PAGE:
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FDA warns about tainted arthritis and pain products

Posted 10 Jan 2024

The FDA has identified 25 products promoted for arthritis and pain management that contain drug ingredients not listed on product labels, including some found in prescription drugs. The agency advises these products are only a small fraction of potentially dangerous products marketed online and in stores. Such products may cause serious side effects and may interact with medications or dietary supplements.

Tainted Arthritis | Pain Products

https://www.fda.gov/drugs/medication-health-fraud/tainted-arthritis-pain-products

FDA is notifying consumers of certain products promoted for arthritis and pain management that have been found to contain hidden ingredients and may pose a significant health risk. The public notifications listed below include those products FDA testing found to contain active drug ingredients not listed on the product labels, including some with ingredients found in prescription drugs. These products may cause potentially serious side effects and may interact with medications or dietary supplements a consumer is taking. Consumers … Read the rest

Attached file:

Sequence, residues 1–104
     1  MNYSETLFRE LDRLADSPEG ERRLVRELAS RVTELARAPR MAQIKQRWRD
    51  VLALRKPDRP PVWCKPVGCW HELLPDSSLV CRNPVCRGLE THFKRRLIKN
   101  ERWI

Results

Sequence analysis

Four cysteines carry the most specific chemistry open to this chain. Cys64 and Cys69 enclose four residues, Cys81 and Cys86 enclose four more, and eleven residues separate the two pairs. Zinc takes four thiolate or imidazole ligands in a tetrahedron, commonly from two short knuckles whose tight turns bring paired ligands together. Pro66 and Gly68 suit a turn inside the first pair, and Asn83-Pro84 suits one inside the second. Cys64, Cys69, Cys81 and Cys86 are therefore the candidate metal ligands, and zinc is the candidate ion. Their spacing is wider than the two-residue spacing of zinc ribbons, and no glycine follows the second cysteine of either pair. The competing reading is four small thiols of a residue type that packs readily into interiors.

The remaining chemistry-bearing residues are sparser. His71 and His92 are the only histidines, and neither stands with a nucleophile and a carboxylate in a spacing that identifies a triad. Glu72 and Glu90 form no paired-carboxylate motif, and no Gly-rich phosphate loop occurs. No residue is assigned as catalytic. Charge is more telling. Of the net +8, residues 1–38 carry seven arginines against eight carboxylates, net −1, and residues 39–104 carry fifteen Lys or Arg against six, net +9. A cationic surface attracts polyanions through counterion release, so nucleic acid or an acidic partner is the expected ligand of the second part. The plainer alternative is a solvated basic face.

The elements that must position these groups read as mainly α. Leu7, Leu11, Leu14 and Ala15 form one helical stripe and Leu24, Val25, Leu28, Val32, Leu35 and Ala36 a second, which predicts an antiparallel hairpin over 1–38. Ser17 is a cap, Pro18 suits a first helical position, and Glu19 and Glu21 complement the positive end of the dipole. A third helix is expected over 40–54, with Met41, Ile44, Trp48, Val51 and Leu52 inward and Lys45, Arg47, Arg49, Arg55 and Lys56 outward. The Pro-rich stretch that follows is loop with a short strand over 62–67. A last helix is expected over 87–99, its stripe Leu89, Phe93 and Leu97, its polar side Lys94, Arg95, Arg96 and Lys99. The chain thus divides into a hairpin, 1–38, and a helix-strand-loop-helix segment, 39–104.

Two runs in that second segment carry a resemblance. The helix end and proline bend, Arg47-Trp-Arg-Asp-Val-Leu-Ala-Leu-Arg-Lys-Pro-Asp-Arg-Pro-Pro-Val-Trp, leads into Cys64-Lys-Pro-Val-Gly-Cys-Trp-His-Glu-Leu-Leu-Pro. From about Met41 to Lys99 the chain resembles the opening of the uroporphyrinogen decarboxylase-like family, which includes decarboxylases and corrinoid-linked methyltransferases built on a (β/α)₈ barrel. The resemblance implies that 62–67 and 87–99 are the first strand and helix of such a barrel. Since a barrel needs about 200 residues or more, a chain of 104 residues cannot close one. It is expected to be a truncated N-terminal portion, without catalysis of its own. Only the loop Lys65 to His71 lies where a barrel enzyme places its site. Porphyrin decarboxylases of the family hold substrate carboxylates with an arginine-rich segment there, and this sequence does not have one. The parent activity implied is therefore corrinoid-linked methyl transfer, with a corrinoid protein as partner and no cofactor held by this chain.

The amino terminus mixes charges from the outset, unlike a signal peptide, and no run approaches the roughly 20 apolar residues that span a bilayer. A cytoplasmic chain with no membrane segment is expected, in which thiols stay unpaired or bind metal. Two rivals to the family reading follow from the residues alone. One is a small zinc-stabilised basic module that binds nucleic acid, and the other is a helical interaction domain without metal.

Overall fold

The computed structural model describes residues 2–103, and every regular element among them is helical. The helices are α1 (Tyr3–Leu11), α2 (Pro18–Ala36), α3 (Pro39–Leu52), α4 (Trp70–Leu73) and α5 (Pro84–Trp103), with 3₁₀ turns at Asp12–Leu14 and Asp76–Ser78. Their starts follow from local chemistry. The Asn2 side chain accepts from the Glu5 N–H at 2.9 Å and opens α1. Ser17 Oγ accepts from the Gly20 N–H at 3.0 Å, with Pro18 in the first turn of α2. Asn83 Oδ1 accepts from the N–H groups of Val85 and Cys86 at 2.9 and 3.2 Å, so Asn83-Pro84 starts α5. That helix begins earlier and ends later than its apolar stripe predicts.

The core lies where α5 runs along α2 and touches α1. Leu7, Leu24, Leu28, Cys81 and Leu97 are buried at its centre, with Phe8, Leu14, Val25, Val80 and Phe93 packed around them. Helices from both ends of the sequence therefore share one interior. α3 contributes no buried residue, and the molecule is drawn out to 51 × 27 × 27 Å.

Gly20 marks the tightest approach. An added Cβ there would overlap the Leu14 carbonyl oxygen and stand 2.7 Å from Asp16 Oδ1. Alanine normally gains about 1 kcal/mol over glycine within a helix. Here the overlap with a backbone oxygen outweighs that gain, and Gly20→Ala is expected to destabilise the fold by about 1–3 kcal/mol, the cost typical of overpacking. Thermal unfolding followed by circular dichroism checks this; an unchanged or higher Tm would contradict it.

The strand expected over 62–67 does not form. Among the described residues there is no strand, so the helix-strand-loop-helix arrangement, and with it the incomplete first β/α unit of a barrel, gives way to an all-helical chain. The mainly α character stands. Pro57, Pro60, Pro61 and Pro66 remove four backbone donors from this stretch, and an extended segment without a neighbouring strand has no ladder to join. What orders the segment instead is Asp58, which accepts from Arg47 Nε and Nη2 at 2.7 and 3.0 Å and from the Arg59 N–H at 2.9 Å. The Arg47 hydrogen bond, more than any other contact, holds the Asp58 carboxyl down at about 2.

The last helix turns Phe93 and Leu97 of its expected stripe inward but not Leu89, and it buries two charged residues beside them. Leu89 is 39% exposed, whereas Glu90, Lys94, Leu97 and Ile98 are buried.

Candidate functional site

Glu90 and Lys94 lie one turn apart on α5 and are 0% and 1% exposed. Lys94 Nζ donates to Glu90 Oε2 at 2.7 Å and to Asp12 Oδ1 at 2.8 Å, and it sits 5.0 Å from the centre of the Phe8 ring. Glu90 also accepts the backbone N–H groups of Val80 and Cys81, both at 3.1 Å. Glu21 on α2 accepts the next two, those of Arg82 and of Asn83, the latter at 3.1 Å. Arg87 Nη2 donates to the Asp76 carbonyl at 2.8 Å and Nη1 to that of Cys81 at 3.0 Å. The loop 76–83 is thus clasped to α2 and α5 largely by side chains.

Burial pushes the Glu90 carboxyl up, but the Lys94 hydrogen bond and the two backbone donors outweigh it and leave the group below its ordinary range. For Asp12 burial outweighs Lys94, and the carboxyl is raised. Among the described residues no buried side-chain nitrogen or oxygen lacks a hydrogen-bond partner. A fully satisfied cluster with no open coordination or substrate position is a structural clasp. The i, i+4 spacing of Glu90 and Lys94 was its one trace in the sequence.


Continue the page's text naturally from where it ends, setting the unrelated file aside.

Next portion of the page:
ASA Ruling: Arthro Joint Forte

The radio commercial states, inter alia, “Bioter Health’s Arthro Joint Forté is a clinically proven, natural solution for the treatment of Osteoarthritis, Rheumatoid Arthritis and lower back pain. Its triple-action effect assists with bone and cartilage regeneration, provides pain and inflammation relief and increased flexibility.”

The ASA ruled: "In light of the above, the respondent’s claims are currently unsubstantiated and in breach of Clause 4.1 of Section II."

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Herbal remedies for arthritis mostly ineffective, says study

Tuesday 10 February 2009

This article, from the Guardian, writes that many herbal medicines and other complementary therapies do nothing to help people with rheumatoid arthritis, referring  to a report published today. A review of published data on natural remedies found the majority were completely ineffective at relieving patients' symptoms, or had only tentative evidence to suggest they worked. Read more at the Guardian

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